Attendance Trends

March 27, 2015

Media across the US have been reporting the decline in attendance at intercollegiate football and basketball games. “It’s a national epidemic,” according to a Charleston (SC) Post & Courier column this month.

This should surprise no one. And it’s the latest proof that it is possible to get too much of a good thing. And when it comes to college football and basketball games, there is far too much indeed –

  • A few too many football games during the regular season, far too many of those games televised, and an absurd number of postseason bowl games of zero significance.

  • About two times too many basketball games during the regular season, far too many televised, and too often with absurd starting times and post-midnight conclusions.

The over-exposure of the college product began to suck the life out of high school football and basketball attendance two decades ago. And as the higher profile college programs have done more and more to promote their events, lower profile college programs have paid the price. Higher profile programs are now gnawing on each other’s bones.

All of this makes life tougher for us at the interscholastic level; but at the MHSAA, we’re not merely whining – we’re working to increase the attendance and enhance the spectators’ experience. A staff task force has been generating ideas, and the Representative Council has been generous with encouragement and support to implement changes in the MHSAA tournament atmosphere.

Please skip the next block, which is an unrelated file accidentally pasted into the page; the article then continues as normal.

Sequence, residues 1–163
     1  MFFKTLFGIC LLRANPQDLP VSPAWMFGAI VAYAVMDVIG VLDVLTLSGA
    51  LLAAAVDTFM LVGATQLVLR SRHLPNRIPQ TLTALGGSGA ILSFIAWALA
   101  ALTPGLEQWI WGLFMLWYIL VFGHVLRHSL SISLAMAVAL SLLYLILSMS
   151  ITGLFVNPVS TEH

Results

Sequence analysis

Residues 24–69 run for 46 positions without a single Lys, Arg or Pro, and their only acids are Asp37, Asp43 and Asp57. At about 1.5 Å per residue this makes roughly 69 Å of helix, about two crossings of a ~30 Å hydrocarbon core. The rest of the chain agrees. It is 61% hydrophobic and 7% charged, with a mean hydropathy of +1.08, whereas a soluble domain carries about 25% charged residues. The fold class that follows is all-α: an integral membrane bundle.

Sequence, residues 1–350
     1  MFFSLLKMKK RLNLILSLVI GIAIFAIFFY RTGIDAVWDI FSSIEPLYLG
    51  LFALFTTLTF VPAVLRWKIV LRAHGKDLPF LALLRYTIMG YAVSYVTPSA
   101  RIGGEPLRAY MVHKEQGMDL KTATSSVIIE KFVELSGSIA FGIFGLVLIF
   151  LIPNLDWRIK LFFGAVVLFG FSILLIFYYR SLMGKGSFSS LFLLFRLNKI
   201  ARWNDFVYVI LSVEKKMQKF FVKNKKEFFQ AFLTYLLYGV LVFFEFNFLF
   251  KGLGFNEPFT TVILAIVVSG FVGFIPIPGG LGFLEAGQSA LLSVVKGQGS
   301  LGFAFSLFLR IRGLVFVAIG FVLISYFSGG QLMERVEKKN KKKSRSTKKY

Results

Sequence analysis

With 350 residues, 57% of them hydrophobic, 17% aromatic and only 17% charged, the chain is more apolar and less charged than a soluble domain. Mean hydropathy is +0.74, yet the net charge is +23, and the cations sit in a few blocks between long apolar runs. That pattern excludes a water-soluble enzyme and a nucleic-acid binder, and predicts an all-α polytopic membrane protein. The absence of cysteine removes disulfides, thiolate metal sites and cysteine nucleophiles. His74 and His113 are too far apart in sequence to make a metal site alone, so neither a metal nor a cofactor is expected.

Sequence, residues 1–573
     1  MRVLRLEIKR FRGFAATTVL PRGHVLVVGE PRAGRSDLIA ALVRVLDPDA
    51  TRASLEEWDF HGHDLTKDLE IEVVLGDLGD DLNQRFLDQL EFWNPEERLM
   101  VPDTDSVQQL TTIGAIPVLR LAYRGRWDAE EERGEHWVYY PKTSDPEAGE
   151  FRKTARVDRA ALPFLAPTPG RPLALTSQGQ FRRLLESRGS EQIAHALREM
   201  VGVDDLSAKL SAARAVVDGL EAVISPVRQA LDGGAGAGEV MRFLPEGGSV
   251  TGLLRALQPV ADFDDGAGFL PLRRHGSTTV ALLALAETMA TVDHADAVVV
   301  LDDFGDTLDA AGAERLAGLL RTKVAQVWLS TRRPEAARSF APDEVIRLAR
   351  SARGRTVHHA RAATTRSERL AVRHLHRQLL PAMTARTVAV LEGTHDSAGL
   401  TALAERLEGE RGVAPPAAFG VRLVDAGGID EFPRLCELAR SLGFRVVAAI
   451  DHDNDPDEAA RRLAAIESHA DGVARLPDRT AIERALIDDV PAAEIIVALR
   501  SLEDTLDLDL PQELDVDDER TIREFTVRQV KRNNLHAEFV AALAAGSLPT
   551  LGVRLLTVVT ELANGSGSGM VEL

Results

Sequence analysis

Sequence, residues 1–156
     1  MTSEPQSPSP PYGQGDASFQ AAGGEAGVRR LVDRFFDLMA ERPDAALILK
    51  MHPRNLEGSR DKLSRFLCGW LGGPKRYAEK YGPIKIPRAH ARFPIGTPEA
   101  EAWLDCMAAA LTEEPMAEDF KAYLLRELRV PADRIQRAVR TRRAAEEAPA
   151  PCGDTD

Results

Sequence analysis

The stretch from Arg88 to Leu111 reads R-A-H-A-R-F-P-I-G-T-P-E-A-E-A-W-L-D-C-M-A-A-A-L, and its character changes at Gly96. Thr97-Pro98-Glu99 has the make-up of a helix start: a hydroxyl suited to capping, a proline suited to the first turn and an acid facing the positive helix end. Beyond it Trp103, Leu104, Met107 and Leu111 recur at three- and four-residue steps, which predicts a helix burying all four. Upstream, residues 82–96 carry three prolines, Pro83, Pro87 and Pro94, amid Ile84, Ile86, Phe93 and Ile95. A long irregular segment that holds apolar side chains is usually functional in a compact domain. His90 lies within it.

Perhaps we can pick up a few of those fans who have defected from the high price of college tickets and the slow pace of their televised games.

Cheering for Sportsmanship

July 31, 2018

(This blog first appeared on on January 8, 2013.)

I try to start each new school year at the Michigan Interscholastic Press Association summer camp at Michigan State University. I talk briefly about who the MHSAA is and what it does; and then two or three dozen high school newspaper editors and writers ask me questions; and in doing so, they give me clues to what’s going on in our schools and what’s important to our students.

Several years ago, when I opened the session to questions, one young man asked: “Mr. Roberts, what’s your job?” I paused, and then said, “I guess I’m the head cheerleader for high school sports in Michigan.”

So then this precocious student asked: “Okay, what do you cheer for?”  With a briefer pause, this is some of what I said:

  • I cheer for sportsmanship that’s not merely good, but great.

  • I cheer for sportsmanship, not gamesmanship.

  • I cheer for playing by the rules, both the letter and the spirit.

  • I cheer for maximum effort to try to win each and every contest.

  • I don’t cheer for winning at any cost; I do cheer for learning at every opportunity.

  • I cheer for losing with grace and for winning with even greater grace, with humility and modesty.

  • I cheer for the lessons of victory and the even greater lessons of defeat.